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Myasthenia Gravis: Symptoms (Nursing)

by Rhonda Lawes

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    00:01 So even though myasthenia gravis can affect any skeletal muscle, it's the eye that we really often see, with eyes and eyelid movement, facial expression, next swallowing.

    00:13 Those are the three that you're going to most see affected.

    00:17 So, eyes, facial expressions, and swallowing.

    00:23 Why this matters to you as a nurse is because if a patient needs assistance with feeding or sitting down with them during a meal when they're in the hospital is a really good time to assess the patient.

    00:35 Now you don't want to walk into the patient's room and say, "Hello, Mr. Jones, I know the patient with myasthenia gravis, sometimes have a difficulty swallowing.

    00:42 So what I'm going to do now is I'm going to sit here and watch you eat." Yeah. Not what you want to do.

    00:47 You want to go in casually.

    00:50 This is probably not the best patient for a nurse tech to go in during a mealtime.

    00:55 It's good for the nurse to be in there.

    00:57 Don't announce what you're doing.

    00:59 Just go in, sit down, and kind of watch what they're doing casually.

    01:05 Not with intense still like you Graves' disease eyes.

    01:09 Because this will give you an idea of how they're feeling if you notice they have difficulty swallowing, if they have to take multiple drinks when they're swallowing their food, it'll kind of let you know where they are.

    01:19 Because, remember, stress can set off or exacerbate myasthenia gravis.

    01:26 Difficulty swallowing might be the first clue or sign to us that that patient could be going into respiratory problems.

    01:34 So that's why as a nurse, it's a great time to come and observe that and watch your patient.

    01:39 Because as professionals, we're always on guard, right? We know with every diagnosis, we're watching for the worst-case scenario.

    01:48 We're looking for the signs that we know to look for, and then we know what to do to intervene to keep our patients safe.

    01:55 Hey, the onset of the disorder might be sudden and the symptoms might just like wake up one day and they have them, but they don't often or always get recognized as myasthenia gravis So be aware because once you're in nursing school, suddenly you're the expert in all your family and friends.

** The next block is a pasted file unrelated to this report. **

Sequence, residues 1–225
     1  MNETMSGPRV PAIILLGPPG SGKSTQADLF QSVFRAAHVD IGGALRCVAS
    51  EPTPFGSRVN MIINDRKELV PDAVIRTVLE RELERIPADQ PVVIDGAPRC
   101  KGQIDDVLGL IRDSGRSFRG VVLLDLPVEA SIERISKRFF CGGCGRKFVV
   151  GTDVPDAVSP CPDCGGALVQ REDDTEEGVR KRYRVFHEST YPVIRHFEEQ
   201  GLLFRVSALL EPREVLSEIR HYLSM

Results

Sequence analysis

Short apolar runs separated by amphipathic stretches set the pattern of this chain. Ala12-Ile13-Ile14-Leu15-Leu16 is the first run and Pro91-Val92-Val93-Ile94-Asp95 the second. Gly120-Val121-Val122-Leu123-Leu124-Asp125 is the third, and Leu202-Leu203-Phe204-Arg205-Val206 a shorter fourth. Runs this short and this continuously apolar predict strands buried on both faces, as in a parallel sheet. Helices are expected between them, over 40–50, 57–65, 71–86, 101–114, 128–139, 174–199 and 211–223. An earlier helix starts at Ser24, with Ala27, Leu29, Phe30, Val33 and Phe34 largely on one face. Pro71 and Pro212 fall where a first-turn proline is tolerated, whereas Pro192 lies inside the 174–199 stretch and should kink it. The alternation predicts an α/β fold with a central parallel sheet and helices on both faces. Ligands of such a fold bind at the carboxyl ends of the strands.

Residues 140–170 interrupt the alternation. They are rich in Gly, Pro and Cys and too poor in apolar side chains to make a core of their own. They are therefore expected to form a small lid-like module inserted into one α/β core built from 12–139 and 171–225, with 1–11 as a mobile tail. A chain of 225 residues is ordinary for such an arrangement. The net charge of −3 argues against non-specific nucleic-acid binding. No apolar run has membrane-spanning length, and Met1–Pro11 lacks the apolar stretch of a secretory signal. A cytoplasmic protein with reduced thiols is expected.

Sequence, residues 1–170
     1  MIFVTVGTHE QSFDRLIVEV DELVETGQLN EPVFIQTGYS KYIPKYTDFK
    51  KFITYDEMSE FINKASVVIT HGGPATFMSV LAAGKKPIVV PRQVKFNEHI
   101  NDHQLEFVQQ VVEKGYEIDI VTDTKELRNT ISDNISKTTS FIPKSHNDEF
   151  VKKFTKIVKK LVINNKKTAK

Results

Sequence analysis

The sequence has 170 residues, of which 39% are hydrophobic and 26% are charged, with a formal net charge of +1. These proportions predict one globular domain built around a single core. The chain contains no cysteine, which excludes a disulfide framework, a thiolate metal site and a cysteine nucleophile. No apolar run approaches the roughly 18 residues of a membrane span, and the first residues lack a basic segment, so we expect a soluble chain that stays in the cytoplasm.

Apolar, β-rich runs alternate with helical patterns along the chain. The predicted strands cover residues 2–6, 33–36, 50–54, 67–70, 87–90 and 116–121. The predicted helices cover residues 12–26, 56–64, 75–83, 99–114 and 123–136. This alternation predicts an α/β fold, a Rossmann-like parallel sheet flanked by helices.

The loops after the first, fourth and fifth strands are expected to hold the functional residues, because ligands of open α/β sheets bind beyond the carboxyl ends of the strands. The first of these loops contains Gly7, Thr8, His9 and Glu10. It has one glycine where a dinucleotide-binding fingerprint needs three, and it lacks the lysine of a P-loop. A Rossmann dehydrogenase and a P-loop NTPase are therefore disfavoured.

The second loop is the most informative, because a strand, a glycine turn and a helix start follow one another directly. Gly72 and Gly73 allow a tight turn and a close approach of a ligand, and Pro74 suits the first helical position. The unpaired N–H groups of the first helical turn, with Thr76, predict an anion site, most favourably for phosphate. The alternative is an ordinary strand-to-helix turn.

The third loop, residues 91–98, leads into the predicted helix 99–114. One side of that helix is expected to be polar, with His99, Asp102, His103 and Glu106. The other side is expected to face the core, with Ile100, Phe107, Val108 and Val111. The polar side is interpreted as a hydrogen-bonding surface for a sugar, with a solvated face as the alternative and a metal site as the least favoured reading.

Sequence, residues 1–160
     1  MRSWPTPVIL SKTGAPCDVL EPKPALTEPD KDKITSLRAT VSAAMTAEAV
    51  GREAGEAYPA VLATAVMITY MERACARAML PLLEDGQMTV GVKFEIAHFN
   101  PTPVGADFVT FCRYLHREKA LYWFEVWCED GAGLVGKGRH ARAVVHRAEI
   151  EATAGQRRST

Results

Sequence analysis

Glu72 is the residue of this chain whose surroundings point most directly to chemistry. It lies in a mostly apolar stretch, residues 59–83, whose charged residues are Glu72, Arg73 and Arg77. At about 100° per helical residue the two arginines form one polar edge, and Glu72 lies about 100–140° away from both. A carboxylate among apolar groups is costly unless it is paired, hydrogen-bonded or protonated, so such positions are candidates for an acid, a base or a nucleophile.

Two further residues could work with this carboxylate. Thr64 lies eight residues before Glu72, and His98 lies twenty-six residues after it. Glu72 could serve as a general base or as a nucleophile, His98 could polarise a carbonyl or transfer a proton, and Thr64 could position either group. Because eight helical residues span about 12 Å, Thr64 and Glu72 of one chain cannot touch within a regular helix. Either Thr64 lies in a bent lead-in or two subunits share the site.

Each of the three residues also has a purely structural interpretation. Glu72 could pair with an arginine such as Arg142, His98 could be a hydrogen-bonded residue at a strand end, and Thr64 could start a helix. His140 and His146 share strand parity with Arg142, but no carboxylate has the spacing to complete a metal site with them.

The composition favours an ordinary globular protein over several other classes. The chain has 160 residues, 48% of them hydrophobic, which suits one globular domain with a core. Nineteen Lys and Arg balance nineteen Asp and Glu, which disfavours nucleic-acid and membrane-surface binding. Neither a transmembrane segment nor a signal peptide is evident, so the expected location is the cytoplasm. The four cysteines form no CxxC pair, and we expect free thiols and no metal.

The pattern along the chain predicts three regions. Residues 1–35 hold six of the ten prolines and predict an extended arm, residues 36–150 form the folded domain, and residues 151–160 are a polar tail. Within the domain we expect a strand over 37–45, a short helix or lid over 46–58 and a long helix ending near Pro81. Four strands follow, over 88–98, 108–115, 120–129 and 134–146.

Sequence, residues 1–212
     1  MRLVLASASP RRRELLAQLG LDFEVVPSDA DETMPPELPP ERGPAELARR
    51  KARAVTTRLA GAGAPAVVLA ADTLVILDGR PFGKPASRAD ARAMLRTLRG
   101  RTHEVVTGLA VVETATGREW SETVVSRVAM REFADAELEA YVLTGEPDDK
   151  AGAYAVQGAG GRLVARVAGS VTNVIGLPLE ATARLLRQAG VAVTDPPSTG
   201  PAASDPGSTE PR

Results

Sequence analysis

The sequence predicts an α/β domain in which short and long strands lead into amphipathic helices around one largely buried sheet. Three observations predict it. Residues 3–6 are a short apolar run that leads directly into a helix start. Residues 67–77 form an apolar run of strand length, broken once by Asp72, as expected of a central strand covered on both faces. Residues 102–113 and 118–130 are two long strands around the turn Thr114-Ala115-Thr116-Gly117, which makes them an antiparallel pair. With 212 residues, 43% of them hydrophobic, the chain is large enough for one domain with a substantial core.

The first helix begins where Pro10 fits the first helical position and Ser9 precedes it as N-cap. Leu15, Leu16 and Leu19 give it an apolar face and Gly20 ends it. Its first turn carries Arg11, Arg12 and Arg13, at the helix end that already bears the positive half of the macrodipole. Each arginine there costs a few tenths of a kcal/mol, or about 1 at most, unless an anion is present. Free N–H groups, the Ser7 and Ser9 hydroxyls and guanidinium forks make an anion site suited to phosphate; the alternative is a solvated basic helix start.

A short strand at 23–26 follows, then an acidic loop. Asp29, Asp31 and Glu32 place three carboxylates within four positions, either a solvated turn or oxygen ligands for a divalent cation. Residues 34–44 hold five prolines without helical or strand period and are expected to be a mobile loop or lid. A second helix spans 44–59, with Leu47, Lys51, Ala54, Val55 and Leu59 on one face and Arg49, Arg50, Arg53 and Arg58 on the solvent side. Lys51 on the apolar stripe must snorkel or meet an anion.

02:13 They think just because you're in nursing school, you know everything.

    02:16 So you get those phone calls.

    02:18 But when people call you or you notice in someone, you notice something a little different about their eye, or about their facial expressions, this is one of the things that you would think through that it could possibly be.

    02:31 So, the symptoms are unusually in the localized form.

    02:34 Usually, it's eliminated to the eye muscles and we call that ocular myasthenia.

    02:39 Remember, that's muscle weakness, "myasthenia." Or it could be severe generalized, it might affect multiple muscles including those that control breathing and that's our biggest concern.

    02:51 So the degree of muscle weakness involves myasthenia gravis can vary from minor to localized, to all the way to a severe and more generalized type of event.

    03:01 So you watch for the eyelids to be drooping.

    03:04 You watch for changes in their vision that they might talk to you about.

    03:07 Their facial expression is different.

    03:09 They have hard time swallowing.

    03:10 They might start to become short of breath.

    03:13 Now that is cause for concern.

    03:15 If we have a patient with myasthenia gravis and they're experiencing unusual shortness of breath, I mean they haven't just done 30 minutes on the StairMaster, they're noticing shortness of breath with usual activities.

    03:26 That is a real red alert.

    03:28 If they're having difficulty speaking, that's dysarthria.

    03:33 Now we always love to help you learn medical terminology.

    03:36 Remember, D-Y-S means difficulty, and then whatever comes after that word, that's what you're having difficulty with.

    03:44 So dysarthria is difficulty in speech.

    03:48 Dysphagia, P-H-A-G-I-A, is difficulty swallowing.

    03:54 So you can take D-Y-S and anything that comes after, you know the patient is having difficulty with whatever word comes next.

    04:02 And we talked about weakness can spread to the other muscles.


    About the Lecture

    The lecture Myasthenia Gravis: Symptoms (Nursing) by Rhonda Lawes is from the course Chronic Neurological Disorders (Nursing).


    Included Quiz Questions

    1. The head
    2. The arms
    3. The legs
    4. The chest cavity
    1. Respiratory assessment
    2. Ocular assessment
    3. Muscular assessment
    4. Psychological assessment

    Author of lecture Myasthenia Gravis: Symptoms (Nursing)

     Rhonda Lawes

    Rhonda Lawes


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